Valerie Torrey took her son, Alex, and fled Los Angeles six years ago—leaving both her role on a cult sci-fi TV show and her co-star husband after a tragedy blew their small family apart. Now Val must reunite nine-year-old Alex with his estranged father, so they set out on a road trip from New York, Val making appearances at comic book conventions along the way.
As they travel west, encountering superheroes, monsters, time travelers, and robots, Val and Alex are drawn into the orbit of the comic-con regulars, from a hapless twenty-something illustrator to a brilliant corporate comics writer struggling with her industry’s old-school ways to a group of cosplay women who provide a chorus of knowing commentary. For Alex, this world is a magical place where fiction becomes reality, but as they get closer to their destination, he begins to realize that the story his mother is telling him about their journey might have a very different ending than he imagined. (Synopsis courtesy of Amazon.)
There are a plethora of reasons why A Hundred Thousand Worldsspoke to me. One of the biggest would have to be the multitude of references that touch that inner geek inside of me. The one who could sense that a lot of the characters in Worlds might be loosely based on actual comic books and television shows I grew up on. Even Valerie’s sci-fi show, the character she played reminded me a lot of Dana Scully from The X-Files. It’s little touches like that,that drew me closer to everything going on, which at times felt chaotic, exciting and full of people. Much like comic-con.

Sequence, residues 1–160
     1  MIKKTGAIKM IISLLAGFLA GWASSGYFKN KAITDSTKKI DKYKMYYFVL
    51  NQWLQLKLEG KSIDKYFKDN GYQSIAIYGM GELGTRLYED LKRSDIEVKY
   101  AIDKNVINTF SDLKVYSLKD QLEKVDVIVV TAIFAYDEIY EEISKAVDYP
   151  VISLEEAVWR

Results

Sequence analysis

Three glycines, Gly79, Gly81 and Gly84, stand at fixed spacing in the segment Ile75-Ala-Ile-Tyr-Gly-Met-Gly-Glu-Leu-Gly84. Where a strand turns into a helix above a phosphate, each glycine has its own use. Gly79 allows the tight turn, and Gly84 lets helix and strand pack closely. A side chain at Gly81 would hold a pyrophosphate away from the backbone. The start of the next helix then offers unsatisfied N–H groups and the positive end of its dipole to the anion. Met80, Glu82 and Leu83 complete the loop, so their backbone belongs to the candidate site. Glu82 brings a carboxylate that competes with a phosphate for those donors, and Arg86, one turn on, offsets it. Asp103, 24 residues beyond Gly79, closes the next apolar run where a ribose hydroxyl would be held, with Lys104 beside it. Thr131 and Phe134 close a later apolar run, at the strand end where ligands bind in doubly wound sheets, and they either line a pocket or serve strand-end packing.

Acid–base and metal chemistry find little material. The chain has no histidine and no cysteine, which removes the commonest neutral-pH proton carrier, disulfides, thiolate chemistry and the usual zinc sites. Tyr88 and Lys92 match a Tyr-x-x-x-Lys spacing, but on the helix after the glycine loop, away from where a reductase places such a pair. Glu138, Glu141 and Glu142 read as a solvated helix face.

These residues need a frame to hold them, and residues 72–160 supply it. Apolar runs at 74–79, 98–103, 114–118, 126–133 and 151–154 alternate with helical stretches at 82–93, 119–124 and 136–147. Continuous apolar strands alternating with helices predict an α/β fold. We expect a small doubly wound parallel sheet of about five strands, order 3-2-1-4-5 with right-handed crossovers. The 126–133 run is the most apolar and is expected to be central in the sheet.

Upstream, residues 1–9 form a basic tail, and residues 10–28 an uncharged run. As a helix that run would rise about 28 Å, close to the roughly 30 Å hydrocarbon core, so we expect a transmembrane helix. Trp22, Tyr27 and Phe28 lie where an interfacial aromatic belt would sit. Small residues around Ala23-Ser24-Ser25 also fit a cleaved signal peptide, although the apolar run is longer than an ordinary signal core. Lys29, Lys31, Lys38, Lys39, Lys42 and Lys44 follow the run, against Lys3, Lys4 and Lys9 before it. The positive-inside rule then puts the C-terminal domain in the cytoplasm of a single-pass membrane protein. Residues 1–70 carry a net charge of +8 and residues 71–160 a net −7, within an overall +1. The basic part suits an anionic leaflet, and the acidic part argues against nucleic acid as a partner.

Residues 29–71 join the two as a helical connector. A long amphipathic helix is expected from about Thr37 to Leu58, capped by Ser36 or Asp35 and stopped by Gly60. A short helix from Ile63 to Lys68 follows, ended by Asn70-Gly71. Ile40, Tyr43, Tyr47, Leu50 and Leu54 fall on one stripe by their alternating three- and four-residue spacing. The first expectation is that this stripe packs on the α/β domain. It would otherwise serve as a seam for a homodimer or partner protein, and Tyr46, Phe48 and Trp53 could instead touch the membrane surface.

And there’s Valerie and Alex, the mother and son duo who have been inseparable. A mother myself, it was hard not to feel for their situation. All she’s wanted to do is protect him, and in doing so, she made some pretty bad choices that are now coming back to haunt her. As the reunion with Alex’s estranged father draws near, I could literally feel the tension and gut-wrenching pain Valerie goes through. It’s written in such a way that isn’t over the top with flowery descriptions or grandiose. It’s realistic and simplistic, placing me right beside her, wanting desperately to hold her hand and tell her that all will be okay.
Alex often gives his own child-like perspective of what’s going on around him, and in doing so, the reader can discover the parallels that seamlessly blend together from one character to the next. Alex is precocious and wise beyond his years, which made sense in this setting. While he’s relied on his mother for most of his life, she’s relied on him, too. It’s also interesting that his own passions are heavily influenced by her own experiences, and he soon discovers that the inner workings of what he’s written, a comic, clearly becomes the story of his life. Such an interesting way to project a character’s inner struggle, which really is the theme here. Growing up is hard, and facing change can at times be an even harder situation to face, no matter how old you are. Sometimes, all you really want is a superhero to save the day.
Originally reviewed for Chick Lit Central